« Every October, artists all over the world take on the Inktober drawing challenge by doing one ink drawing a day the entire month.
I created Inktober in 2009 as a challenge to improve my inking skills and develop positive drawing habits. It has since grown into a worldwide endeavor with thousands of artists taking on the challenge every year.
Anyone can do Inktober, just pick up a pen and start drawing. »
– Jake Parker.
At the initiative of Jake Parker, I see the opportunity of Inktober to test new techniques, to get out of my comfort zone, to take back the basics, and to get out of the digital world in which we all ended up diving. It is also the moment to open a door of me, to find myself. Take out all that has accumulated in for all these years, and bring them to light. To say, that’s it. It’s all I love. It’s a part of me.
Inktober, like any tradtional drawing, there’s no failure. We must think carefully about each movement. These things are forgotten by dint of reworking on the computer. To find the authentic, the forgotten sensations of a pencil, a marker, a pen with ink and all the complexity that flows from it. It’s both stimulating and stressful. It requires much more concentration and patience. Here, you have to take the time. Time to do well. And to love to delve into the concentration and contemplation of the work that progresses slowly. This can be as frustrating, but in the end, it comes out much better mentally. We want to go further. Daring more. One progresses in any way when one clings to do it to the end.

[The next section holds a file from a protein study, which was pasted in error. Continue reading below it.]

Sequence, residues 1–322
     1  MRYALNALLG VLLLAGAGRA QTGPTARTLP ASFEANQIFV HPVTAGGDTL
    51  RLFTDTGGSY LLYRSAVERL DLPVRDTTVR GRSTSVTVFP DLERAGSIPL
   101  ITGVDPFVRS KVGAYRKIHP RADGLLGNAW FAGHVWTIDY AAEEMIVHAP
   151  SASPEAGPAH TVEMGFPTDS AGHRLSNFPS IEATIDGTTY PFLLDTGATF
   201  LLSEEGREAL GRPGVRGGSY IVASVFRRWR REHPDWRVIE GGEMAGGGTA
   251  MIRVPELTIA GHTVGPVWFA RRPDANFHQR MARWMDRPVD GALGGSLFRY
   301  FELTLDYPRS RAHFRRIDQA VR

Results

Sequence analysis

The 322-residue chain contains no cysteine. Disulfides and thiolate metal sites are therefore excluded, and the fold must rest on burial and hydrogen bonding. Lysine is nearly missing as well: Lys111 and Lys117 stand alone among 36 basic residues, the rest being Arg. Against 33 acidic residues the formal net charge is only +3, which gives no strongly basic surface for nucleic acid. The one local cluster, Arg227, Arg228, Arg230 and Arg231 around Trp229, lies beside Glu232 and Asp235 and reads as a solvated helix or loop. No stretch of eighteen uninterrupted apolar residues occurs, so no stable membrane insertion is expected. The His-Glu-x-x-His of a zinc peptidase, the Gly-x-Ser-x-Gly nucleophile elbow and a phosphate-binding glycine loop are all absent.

By adopting the creed of Jake Parker
" Finished, not perfect "
one can only advance.